Sustainable development is a theme which resonated throughout our meeting of the Special Body on the Pacific Island Developing Countries, and I am very pleased to see a resolution recognizing the challenges and opportunities presented by the special case of our Pacific island states. We cannot have a world that supports institutions or regions which are “too big to fail” but which ignores those who are often seen as “too small to matter”.

In the context of the resolution on implementing the Programme of Action for the Least Developed Countries (LDCs), ESCAP will intensify our development support to Asia-Pacific LDCs and countries in transition.

With this in mind, I am pleased to announce that, as long-requested by the Government of Myanmar, and requested again yesterday in the country statement, ESCAP will be establishing a Regional Technical Support Office in Myanmar. This office will build capacity in support of small and medium sized enterprises, facilitate technology transfer, and share the best lessons from across the region in accelerating development, assisting Myanmar and other LDCs in the sub-region to more fully integrate with the ASEAN Economic Community, and graduating from the least developed category.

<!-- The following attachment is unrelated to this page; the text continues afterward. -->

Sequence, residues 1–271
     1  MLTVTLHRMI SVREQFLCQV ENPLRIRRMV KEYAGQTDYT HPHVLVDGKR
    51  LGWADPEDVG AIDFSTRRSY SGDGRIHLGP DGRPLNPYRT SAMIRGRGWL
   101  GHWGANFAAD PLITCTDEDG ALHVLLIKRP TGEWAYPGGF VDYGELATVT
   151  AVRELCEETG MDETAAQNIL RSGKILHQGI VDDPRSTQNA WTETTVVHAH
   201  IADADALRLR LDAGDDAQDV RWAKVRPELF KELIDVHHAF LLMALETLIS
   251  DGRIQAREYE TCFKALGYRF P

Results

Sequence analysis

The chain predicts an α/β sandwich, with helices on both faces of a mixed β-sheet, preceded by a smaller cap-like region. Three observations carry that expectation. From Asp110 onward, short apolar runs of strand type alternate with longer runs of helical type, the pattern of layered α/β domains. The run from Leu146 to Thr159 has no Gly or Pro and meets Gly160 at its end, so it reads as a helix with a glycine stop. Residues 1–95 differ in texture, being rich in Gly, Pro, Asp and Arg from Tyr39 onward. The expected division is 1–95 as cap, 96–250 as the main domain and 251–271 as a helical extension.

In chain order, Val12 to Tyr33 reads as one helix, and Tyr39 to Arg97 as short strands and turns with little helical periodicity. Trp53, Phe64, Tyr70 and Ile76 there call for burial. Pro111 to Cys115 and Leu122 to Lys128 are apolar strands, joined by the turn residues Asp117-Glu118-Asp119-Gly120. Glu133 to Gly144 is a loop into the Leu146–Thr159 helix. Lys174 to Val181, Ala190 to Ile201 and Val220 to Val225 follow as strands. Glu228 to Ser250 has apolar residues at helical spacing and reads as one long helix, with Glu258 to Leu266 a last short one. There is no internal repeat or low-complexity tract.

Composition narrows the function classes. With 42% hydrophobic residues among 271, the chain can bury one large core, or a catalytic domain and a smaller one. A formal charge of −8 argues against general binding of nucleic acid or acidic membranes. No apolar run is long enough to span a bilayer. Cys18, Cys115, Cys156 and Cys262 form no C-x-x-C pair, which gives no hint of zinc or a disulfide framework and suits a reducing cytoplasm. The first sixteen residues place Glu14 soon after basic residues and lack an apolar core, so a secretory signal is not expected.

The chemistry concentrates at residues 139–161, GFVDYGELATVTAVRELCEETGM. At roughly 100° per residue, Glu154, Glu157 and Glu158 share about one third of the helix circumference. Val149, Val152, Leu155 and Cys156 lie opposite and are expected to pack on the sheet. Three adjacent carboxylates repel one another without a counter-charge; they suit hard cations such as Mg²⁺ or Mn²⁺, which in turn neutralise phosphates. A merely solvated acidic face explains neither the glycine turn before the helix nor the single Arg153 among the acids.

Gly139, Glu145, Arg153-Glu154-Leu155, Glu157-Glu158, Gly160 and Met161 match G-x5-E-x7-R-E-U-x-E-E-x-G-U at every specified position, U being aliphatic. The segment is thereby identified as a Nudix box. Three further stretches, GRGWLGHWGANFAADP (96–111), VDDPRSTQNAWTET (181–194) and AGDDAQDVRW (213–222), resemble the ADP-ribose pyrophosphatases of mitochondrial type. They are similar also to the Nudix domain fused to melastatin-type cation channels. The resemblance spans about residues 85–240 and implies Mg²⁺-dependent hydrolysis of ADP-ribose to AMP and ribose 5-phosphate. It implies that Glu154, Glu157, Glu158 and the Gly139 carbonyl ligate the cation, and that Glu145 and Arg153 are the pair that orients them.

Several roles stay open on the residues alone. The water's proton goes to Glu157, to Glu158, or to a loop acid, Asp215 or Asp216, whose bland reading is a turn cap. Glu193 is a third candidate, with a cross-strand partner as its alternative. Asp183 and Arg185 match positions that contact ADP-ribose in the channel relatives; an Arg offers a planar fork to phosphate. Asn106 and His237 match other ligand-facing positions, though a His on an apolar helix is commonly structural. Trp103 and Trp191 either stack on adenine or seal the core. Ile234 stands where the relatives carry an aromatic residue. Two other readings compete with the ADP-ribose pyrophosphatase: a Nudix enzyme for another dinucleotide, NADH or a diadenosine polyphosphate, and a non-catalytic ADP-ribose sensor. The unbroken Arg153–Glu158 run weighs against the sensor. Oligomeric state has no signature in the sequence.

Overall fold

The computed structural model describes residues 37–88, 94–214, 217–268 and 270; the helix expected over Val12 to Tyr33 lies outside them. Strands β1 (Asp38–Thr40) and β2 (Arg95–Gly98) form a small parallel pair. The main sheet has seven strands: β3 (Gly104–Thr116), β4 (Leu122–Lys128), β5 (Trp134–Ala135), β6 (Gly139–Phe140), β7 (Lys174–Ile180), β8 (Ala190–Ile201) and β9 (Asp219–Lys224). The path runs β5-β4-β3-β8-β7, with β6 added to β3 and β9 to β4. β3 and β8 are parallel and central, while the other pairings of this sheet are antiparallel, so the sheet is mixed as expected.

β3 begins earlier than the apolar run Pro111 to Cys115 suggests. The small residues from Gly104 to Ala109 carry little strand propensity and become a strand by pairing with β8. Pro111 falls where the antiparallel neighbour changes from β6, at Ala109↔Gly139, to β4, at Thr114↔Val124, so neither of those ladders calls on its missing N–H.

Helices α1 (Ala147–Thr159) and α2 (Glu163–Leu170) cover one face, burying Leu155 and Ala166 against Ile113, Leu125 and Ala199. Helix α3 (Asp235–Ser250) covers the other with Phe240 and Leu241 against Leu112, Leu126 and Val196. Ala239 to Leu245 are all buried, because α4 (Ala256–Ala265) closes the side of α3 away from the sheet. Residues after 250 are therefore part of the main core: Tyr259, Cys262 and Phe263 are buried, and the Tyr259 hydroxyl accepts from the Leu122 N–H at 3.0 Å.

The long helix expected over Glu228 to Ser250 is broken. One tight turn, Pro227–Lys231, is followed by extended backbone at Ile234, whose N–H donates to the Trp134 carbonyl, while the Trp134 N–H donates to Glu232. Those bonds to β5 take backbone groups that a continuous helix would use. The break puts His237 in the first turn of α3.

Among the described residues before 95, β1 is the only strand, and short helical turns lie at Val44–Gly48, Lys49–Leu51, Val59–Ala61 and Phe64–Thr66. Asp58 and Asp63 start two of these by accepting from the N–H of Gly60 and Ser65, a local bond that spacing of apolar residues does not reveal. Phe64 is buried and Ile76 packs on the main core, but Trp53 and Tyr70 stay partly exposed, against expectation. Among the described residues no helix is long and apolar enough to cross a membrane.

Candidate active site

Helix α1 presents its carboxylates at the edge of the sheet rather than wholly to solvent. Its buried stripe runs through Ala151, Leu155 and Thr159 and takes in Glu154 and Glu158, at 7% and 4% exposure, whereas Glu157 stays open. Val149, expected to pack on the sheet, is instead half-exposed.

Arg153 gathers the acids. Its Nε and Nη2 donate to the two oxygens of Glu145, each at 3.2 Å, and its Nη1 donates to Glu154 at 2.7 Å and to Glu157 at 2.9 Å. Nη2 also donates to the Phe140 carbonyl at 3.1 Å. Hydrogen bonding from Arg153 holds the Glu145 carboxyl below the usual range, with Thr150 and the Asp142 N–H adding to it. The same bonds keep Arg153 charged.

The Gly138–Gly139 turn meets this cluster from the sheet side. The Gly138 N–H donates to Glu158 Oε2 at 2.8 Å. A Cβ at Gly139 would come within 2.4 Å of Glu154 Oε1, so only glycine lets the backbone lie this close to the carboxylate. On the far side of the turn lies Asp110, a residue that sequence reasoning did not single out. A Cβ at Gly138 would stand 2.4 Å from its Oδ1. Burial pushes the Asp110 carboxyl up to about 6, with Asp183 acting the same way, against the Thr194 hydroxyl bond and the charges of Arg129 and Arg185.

The 68th Commission session has also advanced our regional cooperation on social development – with resolutions on a new Asia-Pacific Decade for Persons with Disabilities and on regional preparations for the 20th anniversary of the International Conference on Population and Development.